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Annales Geophysicae An interactive open-access journal of the European Geosciences Union
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Volume 33, issue 2
Ann. Geophys., 33, 185–196, 2015
https://doi.org/10.5194/angeo-33-185-2015
© Author(s) 2015. This work is distributed under
the Creative Commons Attribution 3.0 License.
Ann. Geophys., 33, 185–196, 2015
https://doi.org/10.5194/angeo-33-185-2015
© Author(s) 2015. This work is distributed under
the Creative Commons Attribution 3.0 License.

Regular paper 04 Feb 2015

Regular paper | 04 Feb 2015

Tidal signatures of the thermospheric mass density and zonal wind at midlatitude: CHAMP and GRACE observations

C. Xiong1,2, Y.-L. Zhou2, H. Lühr1,2, and S.-Y. Ma2 C. Xiong et al.
  • 1Helmholtz Centre Potsdam, GFZ German Research Centre for Geosciences, Telegrafenberg, 14473 Potsdam, Germany
  • 2Department of Space Physics, College of Electronic Information, Wuhan University, 430079 Wuhan, China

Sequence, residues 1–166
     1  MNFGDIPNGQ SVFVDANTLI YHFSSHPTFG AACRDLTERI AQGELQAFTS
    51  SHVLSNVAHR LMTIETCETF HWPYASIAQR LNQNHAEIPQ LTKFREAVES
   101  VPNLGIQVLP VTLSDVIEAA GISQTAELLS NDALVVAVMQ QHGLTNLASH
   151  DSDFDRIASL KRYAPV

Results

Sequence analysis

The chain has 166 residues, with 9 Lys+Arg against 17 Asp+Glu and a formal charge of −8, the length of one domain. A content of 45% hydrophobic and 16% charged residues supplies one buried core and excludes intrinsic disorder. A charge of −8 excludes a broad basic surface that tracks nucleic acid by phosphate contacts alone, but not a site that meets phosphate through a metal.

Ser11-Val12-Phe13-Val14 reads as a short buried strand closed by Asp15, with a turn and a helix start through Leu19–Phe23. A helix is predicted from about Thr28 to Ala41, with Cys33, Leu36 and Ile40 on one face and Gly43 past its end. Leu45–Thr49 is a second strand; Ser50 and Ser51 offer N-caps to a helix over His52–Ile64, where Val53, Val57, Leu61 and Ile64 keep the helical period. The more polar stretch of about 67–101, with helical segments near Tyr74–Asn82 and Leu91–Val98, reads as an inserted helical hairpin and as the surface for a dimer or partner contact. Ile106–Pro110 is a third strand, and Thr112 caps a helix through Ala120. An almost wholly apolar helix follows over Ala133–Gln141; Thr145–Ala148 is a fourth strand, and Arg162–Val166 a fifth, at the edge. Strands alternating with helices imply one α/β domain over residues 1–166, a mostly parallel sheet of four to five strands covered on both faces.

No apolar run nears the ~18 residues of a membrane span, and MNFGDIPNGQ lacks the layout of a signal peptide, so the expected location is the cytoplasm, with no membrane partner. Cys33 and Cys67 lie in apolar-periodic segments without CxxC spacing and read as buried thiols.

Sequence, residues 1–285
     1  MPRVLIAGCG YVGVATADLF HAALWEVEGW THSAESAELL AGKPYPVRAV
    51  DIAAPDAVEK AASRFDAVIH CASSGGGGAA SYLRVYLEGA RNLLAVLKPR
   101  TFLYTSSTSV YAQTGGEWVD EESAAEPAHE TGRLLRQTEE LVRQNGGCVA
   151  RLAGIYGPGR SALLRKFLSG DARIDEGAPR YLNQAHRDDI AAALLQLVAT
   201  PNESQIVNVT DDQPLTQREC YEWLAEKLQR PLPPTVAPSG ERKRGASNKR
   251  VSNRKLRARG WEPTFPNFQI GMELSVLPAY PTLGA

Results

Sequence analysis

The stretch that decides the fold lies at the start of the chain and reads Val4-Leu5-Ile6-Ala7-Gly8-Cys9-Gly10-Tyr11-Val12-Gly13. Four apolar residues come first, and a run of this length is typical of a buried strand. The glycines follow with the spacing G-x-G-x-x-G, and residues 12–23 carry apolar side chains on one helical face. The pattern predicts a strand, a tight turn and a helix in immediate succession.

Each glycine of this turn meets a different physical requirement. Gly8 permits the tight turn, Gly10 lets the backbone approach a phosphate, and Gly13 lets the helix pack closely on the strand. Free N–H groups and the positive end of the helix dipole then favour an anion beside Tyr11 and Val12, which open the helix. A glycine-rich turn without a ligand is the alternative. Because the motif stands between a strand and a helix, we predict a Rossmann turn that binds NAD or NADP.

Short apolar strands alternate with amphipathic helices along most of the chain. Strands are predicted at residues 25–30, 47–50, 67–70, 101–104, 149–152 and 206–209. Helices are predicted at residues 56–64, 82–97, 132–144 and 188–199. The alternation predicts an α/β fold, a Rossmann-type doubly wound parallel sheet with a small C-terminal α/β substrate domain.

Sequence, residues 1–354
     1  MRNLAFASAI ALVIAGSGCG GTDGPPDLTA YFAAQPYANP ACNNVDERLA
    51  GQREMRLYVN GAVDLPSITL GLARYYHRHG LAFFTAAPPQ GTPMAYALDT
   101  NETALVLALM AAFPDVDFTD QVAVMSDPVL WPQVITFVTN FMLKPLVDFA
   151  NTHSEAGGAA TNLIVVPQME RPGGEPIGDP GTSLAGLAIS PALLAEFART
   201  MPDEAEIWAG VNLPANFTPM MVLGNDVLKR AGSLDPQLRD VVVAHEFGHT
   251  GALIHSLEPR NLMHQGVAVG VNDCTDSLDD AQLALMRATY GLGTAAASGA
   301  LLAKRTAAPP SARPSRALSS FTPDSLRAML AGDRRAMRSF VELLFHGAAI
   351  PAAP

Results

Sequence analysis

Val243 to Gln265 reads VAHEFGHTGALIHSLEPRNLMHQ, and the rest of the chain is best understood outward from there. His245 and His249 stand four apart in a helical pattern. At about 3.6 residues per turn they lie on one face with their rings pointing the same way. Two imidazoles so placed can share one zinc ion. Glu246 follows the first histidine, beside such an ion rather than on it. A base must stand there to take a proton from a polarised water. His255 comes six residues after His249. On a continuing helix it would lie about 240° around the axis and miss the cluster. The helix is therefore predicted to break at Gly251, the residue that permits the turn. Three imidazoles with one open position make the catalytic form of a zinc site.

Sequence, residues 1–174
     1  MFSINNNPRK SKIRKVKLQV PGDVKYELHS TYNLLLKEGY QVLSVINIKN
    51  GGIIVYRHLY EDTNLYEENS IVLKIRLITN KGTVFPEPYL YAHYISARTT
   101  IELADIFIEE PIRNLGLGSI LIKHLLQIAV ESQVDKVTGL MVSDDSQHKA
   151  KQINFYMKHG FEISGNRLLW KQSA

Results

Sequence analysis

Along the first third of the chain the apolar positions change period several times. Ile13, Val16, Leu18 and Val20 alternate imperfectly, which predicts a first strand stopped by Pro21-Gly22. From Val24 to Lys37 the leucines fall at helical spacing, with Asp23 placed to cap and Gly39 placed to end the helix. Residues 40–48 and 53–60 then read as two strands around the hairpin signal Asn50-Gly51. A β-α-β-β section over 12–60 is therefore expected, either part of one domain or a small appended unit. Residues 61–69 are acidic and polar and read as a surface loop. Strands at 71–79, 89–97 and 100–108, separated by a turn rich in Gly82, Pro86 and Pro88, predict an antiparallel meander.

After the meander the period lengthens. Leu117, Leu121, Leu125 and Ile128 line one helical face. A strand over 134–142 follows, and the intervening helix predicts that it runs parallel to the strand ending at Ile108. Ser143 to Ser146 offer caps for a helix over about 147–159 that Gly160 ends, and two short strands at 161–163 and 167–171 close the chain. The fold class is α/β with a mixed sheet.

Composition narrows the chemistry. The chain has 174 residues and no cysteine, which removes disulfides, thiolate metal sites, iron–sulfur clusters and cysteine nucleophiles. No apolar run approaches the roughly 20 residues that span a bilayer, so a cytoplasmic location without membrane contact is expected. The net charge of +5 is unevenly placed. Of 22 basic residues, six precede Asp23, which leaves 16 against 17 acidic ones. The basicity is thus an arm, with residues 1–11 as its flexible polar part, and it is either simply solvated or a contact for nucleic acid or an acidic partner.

Abstract. By using the accelerometer measurements from CHAMP and GRACE satellites, the tidal signatures of the thermospheric mass density and zonal wind at midlatitudes have been analyzed in this study. The results show that the mass density and zonal wind at southern midlatitudes are dominated by a longitudinal wave-1 pattern. The most prominent tidal components in mass density and zonal wind are the diurnal tides D0 and DW2 and the semidiurnal tides SW1 and SW3. This is consistent with the tidal signatures in the F region electron density at midlatitudes as reported by Xiong and Lühr (2014). These same tidal components are observed both in the thermospheric and ionospheric quantities, supporting a mechanism that the non-migrating tides in the upper atmosphere are excited in situ by ion–neutral interactions at midlatitudes, consistent with the modeling results of Jones Jr. et al. (2013). We regard the thermospheric dynamics as the main driver for the electron density tidal structures. An example is the in-phase variation of D0 between electron density and mass density in both hemispheres. Further research including coupled atmospheric models is probably needed for explaining the similarities and differences between thermospheric and ionospheric tidal signals at midlatitudes.

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